Although the above-mentioned minorities may serve to temper the resentment of Lebanon against the United States, they are not strong enough to turn the country away from the policies adopted by other Arab States. Their very existence makes Lebanon doubly cautious in seeming to take the lead against Arab policies, and the country has to be handled very carefully for that reason. The exertion of undue pressure upon the Government to be more reasonable toward the United States might well backfire.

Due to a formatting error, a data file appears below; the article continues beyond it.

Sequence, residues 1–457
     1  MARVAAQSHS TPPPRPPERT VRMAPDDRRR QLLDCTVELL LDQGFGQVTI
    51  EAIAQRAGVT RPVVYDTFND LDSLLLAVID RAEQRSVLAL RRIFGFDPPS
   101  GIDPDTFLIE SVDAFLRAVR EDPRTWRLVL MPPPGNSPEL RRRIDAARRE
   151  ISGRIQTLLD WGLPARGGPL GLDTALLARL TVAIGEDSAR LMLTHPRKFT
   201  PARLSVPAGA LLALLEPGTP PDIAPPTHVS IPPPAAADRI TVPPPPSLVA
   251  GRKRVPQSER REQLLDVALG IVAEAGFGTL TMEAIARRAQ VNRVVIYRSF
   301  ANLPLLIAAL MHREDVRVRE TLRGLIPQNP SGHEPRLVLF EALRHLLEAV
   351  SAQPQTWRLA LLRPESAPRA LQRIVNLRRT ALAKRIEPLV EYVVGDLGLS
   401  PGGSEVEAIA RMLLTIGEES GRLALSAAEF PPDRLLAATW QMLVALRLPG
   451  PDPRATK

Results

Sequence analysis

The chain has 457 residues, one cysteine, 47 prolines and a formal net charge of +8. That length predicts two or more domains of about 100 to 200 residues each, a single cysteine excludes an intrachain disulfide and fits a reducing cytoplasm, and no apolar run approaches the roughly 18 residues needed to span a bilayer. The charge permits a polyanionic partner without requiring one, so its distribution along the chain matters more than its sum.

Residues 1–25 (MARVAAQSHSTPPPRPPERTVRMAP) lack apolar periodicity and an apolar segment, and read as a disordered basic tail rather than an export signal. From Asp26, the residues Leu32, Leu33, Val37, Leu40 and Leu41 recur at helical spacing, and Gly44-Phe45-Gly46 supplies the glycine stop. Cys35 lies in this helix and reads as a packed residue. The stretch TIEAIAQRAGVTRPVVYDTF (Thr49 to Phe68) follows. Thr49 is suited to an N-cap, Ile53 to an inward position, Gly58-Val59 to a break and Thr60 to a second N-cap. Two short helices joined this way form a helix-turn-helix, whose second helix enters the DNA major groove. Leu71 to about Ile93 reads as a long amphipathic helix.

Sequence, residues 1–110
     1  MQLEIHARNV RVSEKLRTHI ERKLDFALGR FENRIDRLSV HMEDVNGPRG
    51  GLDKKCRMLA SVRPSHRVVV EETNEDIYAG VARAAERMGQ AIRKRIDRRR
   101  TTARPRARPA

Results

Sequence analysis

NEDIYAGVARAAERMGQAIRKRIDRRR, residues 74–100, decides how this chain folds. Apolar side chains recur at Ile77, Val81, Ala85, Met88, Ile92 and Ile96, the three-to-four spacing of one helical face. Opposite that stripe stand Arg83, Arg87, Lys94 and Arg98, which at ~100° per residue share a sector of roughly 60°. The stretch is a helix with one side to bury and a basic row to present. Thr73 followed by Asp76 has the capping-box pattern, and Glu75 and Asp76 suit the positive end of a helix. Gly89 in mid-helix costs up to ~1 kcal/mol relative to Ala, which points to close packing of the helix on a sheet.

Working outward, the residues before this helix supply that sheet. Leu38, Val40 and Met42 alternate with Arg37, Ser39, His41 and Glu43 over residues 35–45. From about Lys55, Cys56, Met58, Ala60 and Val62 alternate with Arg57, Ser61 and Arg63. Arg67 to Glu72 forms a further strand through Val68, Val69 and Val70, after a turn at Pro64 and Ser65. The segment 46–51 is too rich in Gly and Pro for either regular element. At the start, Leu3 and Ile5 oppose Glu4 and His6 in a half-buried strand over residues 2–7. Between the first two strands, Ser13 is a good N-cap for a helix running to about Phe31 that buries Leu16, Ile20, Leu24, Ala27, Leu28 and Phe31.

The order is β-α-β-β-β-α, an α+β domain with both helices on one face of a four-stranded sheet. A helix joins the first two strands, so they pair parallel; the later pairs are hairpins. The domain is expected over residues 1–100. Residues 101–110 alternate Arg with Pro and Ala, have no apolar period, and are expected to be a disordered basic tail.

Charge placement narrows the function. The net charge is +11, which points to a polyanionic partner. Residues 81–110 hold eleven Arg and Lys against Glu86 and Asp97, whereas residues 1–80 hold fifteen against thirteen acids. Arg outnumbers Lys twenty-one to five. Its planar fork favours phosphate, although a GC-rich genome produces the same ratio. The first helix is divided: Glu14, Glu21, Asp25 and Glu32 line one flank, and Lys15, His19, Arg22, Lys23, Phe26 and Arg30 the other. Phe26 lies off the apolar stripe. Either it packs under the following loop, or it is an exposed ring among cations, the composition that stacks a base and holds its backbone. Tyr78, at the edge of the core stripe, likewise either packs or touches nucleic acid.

I agree with Dr. Malik that the Arabs, including Lebanon, are convinced that if the United States had to choose between Israel and the Arabs, it would choose Israel, regardless of the justice of the case. There is also a belief among the Lebanese, fairly widely spread, that the United States is more friendly to Lebanon than to the Moslem States because of its religion and quasi-western civilization. This belief can, I believe, be used in economic and cultural, but not political, approaches. Furthermore, I doubt very much whether anti-American propaganda used by the communists is a strong influence in Lebanon because the Lebanese know the United States too well to be taken in by it. I believe that communist strength in the country stems from economic causes which the Government either refuses to recognize or is unable to correct. Public resentment of U.S. policy in Palestine may make it difficult for the Government to appeal to us for economic assistance, but I do not believe the elimination of Palestine from the picture would eliminate the danger of communism unless there was an accompanying correction of the bad economic and political situation. In this respect I disagree with Dr. Malik as I believe the economic approach would most certainly be effective in combatting communism in Lebanon if we could be sure any assistance we gave would trickle down to the grass roots and not serve to make the rich richer. I believe one of the most potent factors in the growth of communism in Lebanon and perhaps throughout the Arab world is the envy of the poor for the rich which is increasing due to the display made by the rich. Previously the rich man rode a horse but the poor man had his donkey; the rich man had a large house but it was not much different in design from the small one of the poor; and there was frequent contact between the rich land owner or merchant and his employees. Now, [Page 1108] the rich man has expensive automobiles and the poor man still has his donkey; the rich man lives in western style with much display of wealth and the poor man still lives in his small eastern-style house; and the rich man lives mostly in the cities with frequent trips abroad and the poor man rarely sees him and the contact is far from close. These and similar differences create envy and such envy creates a fertile field for communism, particularly when even minimum requirements for subsistence cannot be met. The urge for personal enrichment and, in some cases, political graft is so strong that unless at least part of the economic assistance goes to the rich it would be difficult to interest the country in such economic assistance. The correction of the fault is a long-term proposition and the situation as it exists must be accepted in extending aid.